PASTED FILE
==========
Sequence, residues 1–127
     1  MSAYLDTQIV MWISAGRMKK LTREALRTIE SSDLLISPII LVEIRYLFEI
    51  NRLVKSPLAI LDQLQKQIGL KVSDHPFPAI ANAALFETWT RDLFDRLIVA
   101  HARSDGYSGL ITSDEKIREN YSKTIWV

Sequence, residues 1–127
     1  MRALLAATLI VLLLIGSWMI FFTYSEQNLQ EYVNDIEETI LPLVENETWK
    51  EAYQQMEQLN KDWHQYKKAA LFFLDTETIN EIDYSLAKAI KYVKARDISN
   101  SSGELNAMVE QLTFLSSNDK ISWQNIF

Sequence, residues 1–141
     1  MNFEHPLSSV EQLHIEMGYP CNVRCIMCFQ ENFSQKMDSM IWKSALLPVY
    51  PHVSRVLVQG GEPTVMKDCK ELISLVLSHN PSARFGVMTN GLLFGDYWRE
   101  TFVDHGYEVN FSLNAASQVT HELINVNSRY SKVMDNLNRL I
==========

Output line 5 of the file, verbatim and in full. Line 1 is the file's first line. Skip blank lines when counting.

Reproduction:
Sequence, residues 1–127